I sometimes work in series. Whenever I paint, my brain is always thinking "what if"? What if I change the colors, reposition the objects, use pouring instead of brushwork? Working in series allows me to explore the many possibilities in a subject. The catch for me is to not let myself get obsessively stuck on one thing, or to get stale. The two paintings above were attempts to paint my cat, Albert. I love to garden, and Albert likes to nap half hidden under the foliage. I'm not the best weeder, and often my tomato patch takes on the appearance of a jungle. He has startled me on numerous occasions while reaching through the leaves to pick the tomatoes. Although I like the sunny quality of version I, I kept thinking about possible changes I could make. In painting II, I darkened the darks, changed the foreground, and added tomatoes. Which is your favorite? Both paintings are for sale--$400 for either, unframed.
This fall I took a four day workshop from Kris Parins , an artist whose work I first saw in Watercolor Artist Magazine. In addition to the traditional brush, Kris uses pouring as a way to add watercolor paint to paper. I like to take workshops whenever I can--each teacher has helped me advance faster than I ever could alone. Kris is a very giving and patient teacher. The following images illustrate one of my first poured watercolor paintings in the process of being "born". To see more of Kris Parins art, see her website at: http://kris-parins.artistwebsites.com/news.html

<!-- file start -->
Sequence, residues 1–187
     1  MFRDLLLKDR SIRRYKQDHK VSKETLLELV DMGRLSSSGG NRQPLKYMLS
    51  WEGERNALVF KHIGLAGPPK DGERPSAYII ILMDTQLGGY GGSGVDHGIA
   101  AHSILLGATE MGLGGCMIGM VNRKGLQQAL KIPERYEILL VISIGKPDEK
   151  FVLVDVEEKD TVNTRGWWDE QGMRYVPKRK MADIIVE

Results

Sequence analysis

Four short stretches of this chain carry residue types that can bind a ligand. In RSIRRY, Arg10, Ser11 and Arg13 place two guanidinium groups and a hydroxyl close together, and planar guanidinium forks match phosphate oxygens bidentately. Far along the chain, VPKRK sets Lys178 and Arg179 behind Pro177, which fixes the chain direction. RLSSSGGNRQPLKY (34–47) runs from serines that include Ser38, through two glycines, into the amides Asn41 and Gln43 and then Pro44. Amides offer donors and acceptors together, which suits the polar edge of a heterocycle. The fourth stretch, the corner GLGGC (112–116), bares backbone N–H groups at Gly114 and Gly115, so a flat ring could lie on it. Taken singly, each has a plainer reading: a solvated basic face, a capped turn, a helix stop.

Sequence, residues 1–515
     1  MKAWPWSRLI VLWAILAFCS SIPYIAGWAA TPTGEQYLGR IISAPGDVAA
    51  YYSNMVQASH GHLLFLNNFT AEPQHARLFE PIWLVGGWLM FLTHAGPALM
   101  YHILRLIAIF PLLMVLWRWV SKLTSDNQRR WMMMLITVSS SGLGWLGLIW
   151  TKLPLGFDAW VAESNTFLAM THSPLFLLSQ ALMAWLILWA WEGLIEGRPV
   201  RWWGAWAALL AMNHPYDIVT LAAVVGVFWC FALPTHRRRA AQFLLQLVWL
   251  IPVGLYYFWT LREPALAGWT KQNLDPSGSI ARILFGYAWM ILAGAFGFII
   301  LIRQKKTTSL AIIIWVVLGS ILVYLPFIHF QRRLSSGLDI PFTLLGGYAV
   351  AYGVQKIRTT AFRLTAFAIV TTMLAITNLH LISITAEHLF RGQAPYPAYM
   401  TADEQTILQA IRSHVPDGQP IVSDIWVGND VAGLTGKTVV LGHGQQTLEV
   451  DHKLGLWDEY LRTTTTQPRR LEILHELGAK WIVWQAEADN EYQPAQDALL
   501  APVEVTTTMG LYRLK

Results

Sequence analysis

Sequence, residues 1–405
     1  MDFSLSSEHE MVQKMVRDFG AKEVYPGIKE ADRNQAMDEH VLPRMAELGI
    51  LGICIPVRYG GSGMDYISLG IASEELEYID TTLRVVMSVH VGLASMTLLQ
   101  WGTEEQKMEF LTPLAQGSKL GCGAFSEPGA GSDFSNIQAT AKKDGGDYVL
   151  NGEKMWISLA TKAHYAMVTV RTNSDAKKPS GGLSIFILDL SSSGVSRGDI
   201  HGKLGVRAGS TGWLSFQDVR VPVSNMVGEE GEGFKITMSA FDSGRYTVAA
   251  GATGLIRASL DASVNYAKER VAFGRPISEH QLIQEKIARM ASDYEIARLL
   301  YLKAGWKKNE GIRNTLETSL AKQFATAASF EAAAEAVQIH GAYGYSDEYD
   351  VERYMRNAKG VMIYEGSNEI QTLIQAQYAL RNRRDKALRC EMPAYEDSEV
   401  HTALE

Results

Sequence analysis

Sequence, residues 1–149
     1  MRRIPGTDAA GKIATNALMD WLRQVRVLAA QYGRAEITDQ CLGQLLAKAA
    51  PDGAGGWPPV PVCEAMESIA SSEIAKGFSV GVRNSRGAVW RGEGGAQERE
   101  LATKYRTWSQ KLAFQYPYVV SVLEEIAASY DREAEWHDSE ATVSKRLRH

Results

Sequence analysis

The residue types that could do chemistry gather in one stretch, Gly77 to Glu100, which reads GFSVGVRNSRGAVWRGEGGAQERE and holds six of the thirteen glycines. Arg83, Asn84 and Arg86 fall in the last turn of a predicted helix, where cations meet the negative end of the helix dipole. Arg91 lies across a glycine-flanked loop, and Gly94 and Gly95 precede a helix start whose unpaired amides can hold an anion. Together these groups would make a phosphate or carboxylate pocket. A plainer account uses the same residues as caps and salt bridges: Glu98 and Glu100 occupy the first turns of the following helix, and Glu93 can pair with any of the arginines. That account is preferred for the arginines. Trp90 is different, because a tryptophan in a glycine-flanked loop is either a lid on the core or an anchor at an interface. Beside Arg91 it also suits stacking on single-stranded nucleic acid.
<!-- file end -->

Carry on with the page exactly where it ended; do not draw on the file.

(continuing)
3. The next step was to draw my picture onto 140lb Arches cold press watercolor paper, that had been pre-stretched onto gatorboard. It is very difficult to control the colors on a poured painting, unless the paper is either heavy (300 lb or more), or stretched. The drawing on the paper works best if not very detailed. Any areas that are to remain white need to be clearly indicated. When Kris draws on her watercolor paper, She often uses transfer paper and a large "master" image, and only initially draws in the areas that will remain white. I tend to draw the whole thing, which requires me to be very careful about indicating the white areas.
Marsha Reeves is a watercolor painter living in Austin, Texas